Everything started in the early 1990s. At the time, the Daily Telegraph had a talented correspondent in Brussels. The son of a high-ranking EU bureaucrat, he had studied in the Belgian capital and spoke several languages fluently which enabled him to send powerful pieces that showed the EU, its institutions, and their employees in a predominantly negative light.
His reports were impressive. The only problem is that their content had very little to do with reality. The rumor goes that in response to the criticisms coming from other correspondents in Brussels that his reports were significantly embellished, the Daily Telegraph correspondent liked to say, “Never let the facts prevent you from creating a really good story.”
The European Union introduces a standard for condoms and from now on they will be one size only.
The European Commission’s building to be blown up. It is said to contain asbestos.
The EU bans Britons’ favorite cocktail with shrimps.
Written by the journalist mentioned above, each of these pieces of fake news generated a lot of buzz in the UK, forcing the European institutions into an explanatory regime. The European Commission’s representation in London created a section on its website aimed at refuting EU-related myths. Its record was mixed. It turned out that British citizens wanted to read interesting stories about incompetent Eurocrats who spend their time introducing all kinds of ridiculous standards. Soon, the editors of the other media started demanding that their correspondents in Brussels write in the same style. This is how an entire team of producers of EU-related myths came into being.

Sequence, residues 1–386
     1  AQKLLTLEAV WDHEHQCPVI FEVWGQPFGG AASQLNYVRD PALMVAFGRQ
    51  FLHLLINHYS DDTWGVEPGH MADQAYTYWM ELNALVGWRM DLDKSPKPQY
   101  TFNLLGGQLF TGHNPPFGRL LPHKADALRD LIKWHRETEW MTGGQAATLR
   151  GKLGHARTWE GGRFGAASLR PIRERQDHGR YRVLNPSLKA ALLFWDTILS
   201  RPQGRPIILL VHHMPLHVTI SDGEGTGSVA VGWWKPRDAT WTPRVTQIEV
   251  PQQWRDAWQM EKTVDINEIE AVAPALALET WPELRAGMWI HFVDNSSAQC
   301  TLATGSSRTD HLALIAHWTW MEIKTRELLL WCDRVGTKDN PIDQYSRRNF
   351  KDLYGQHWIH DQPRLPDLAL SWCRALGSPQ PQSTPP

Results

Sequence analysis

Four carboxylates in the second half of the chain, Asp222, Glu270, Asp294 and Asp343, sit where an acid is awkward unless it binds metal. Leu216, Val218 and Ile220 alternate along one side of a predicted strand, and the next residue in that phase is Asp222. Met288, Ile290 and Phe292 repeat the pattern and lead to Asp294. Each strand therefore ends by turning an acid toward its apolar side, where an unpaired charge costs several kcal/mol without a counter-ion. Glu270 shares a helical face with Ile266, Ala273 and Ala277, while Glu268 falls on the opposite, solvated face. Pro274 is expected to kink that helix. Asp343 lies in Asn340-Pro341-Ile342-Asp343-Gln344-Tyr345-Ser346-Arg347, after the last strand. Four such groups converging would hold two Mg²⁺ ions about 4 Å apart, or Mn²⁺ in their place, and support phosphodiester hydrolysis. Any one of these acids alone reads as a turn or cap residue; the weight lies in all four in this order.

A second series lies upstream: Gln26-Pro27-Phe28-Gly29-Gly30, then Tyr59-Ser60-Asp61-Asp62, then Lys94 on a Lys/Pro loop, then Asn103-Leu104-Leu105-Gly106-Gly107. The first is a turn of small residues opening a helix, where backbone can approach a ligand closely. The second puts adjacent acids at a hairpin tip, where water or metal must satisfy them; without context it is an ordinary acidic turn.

On 29 March this year, when she officially launched the procedure for the UK’s withdrawal from the EU, Prime Minister Theresa May organized a dinner with the now retired journalist who laid the foundations of this phenomenon. His name is Boris Johnson, the current UK’s foreign minister and the former leader of the Brexit campaign.
Boris Johnson’s career and Brexit illustrate how entire political projects can develop based on fake news. They also show how the lack of an adequate response can seriously damage both the EU and individual Member States.
How fake news creates divisions and intolerance in Bulgaria
If fake news was part of the propaganda during the recent presidential election campaign in France, and if it is part of the propaganda in relation to the September parliamentary elections in Germany, what can we say about the countries in the EU’s periphery where it is easier to activate anti-EU attitudes?